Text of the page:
On Tuesday, following the boycott, we had a class discussion about why so many students skipped school and, recognizing that it cost our school about $8,000, whether or not it was worth it. The discussion changed my mind, as I came to realize the gravity of the situation in the students’ minds and came to accept their need to take immediate action in any way possible. After the discussion, I asked the students to write down their stance in an essay. Students who boycotted seemed to come from two perspectives:
They came here to United States so they could work. We aren’t criminel. We gose [just] come here so we could work and go to school. They think that we gose come here gose for nothing. We came so we could getter better education and that our parents work. We aren’t criminel.
Many students wrote about their concerns for them and their families being labeled criminal. They are confused and frustrated. We constantly tell them that education is a great and vital thing. They know that they / their parents came here for the sake of their education. How can that add up to make them criminals?
I’m worried about my parents because if the law is approve and the government or police takes my parents away who would we stay with The government doesn’t care about that Most of all, if they can’t work they can’t eat and we die.
This was the line that I found deeply persuasive. Many of the students who weren’t in class wrote about concerns that their parents would be taken away and there would be no one left to care for them. Given that this has actually happened once in my class already this year, it’s far from a childish and unrealistic fear. We talked about staying in school so that twenty years down the line, they can take leadership and take action for their people. They're worrying about la migra coming tonight.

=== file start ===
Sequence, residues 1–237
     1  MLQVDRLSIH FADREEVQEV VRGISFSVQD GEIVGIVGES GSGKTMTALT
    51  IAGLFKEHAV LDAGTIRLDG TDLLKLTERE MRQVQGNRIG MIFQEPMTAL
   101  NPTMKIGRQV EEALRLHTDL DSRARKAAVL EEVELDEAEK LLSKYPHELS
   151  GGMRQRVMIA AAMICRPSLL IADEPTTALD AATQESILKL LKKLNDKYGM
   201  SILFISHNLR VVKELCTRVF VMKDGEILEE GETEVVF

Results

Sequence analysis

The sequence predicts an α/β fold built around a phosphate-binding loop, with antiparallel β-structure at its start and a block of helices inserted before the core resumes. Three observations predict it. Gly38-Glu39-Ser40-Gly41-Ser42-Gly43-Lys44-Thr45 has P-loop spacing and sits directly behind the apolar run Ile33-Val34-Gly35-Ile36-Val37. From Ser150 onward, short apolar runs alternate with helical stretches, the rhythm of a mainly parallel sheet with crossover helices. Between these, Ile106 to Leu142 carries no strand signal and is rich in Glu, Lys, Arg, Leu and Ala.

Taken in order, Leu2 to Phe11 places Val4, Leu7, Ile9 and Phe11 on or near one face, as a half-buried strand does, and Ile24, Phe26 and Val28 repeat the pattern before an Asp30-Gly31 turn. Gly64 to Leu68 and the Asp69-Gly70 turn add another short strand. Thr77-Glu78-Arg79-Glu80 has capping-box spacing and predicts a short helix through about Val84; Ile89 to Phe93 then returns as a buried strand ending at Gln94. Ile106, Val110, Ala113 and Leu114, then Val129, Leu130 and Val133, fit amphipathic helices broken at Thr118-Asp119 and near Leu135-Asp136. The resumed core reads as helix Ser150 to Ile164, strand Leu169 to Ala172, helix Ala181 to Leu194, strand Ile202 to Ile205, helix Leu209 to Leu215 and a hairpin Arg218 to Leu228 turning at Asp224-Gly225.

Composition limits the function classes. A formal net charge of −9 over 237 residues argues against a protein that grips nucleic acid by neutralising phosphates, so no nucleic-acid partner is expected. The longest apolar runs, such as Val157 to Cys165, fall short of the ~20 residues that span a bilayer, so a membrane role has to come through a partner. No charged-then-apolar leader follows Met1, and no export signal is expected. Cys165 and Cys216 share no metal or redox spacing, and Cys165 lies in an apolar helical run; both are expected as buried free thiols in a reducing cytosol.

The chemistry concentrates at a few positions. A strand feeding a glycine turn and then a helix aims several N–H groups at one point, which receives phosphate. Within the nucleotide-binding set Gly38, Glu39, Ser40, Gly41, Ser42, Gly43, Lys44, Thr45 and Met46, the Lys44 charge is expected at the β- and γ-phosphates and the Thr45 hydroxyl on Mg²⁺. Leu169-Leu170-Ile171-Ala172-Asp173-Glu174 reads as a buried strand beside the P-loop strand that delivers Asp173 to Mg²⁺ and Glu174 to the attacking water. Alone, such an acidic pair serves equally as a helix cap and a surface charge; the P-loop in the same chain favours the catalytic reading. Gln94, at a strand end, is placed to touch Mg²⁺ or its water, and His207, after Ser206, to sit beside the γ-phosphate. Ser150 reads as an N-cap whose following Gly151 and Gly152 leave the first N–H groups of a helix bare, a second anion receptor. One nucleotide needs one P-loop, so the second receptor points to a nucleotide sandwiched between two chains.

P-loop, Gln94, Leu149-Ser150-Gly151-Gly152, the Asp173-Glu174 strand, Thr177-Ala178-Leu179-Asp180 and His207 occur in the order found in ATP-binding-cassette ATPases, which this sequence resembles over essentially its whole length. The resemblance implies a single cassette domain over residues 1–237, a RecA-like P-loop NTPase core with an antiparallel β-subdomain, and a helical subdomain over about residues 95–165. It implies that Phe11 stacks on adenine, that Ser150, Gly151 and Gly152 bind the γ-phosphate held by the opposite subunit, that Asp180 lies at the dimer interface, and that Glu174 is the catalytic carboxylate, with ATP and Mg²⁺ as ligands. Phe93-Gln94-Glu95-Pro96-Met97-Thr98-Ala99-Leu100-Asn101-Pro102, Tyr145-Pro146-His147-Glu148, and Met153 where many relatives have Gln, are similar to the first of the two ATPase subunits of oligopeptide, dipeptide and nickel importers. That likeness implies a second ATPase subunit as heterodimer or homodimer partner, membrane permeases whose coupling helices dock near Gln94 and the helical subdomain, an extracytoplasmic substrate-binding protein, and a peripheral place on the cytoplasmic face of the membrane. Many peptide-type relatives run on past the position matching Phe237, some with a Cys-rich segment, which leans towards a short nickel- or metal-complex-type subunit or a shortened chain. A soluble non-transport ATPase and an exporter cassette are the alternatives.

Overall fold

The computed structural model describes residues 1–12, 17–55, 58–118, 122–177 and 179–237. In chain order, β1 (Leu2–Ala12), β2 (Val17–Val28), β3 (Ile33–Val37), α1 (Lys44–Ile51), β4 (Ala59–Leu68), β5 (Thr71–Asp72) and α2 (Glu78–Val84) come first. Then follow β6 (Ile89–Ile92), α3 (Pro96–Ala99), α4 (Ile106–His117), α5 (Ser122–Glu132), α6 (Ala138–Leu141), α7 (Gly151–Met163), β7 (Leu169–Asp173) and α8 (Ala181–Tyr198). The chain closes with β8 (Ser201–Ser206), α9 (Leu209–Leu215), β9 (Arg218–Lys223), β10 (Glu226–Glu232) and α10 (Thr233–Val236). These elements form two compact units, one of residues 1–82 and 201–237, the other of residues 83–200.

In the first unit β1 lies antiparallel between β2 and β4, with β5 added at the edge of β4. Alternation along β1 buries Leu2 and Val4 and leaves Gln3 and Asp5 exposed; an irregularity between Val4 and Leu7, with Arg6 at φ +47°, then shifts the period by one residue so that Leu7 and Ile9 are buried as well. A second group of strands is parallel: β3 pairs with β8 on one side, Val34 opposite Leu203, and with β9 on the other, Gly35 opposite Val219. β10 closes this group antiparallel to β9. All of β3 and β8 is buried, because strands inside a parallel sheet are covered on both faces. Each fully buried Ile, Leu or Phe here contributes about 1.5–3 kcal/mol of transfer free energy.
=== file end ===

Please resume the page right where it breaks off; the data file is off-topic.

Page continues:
I’m a big believer in recognizing and reacting to the distractions in students’ minds. As someone who only just finished his own classroom education, I can remember very well how many looming issues can keep a student from complete focus. Being called a criminal, having your fundamental values questioned, and being faced with the very real prospect of your parents being taken away by the police are about as looming of issues as any 10 year-old can face. We have class meetings and brain breaks galore in my class, and I find them totally worth it, as it allows me to demand much more complete focus when I am instructing. I’ve come to see that the boycott was perhaps not, as I initially felt, the worst possible distraction from our high-stake testing this week, but perhaps exactly the head-clearing outlet they needed. My students who skipped talked constantly about “supporting the Mexicans,” I hope they feel that they have done their part and they can get back to work.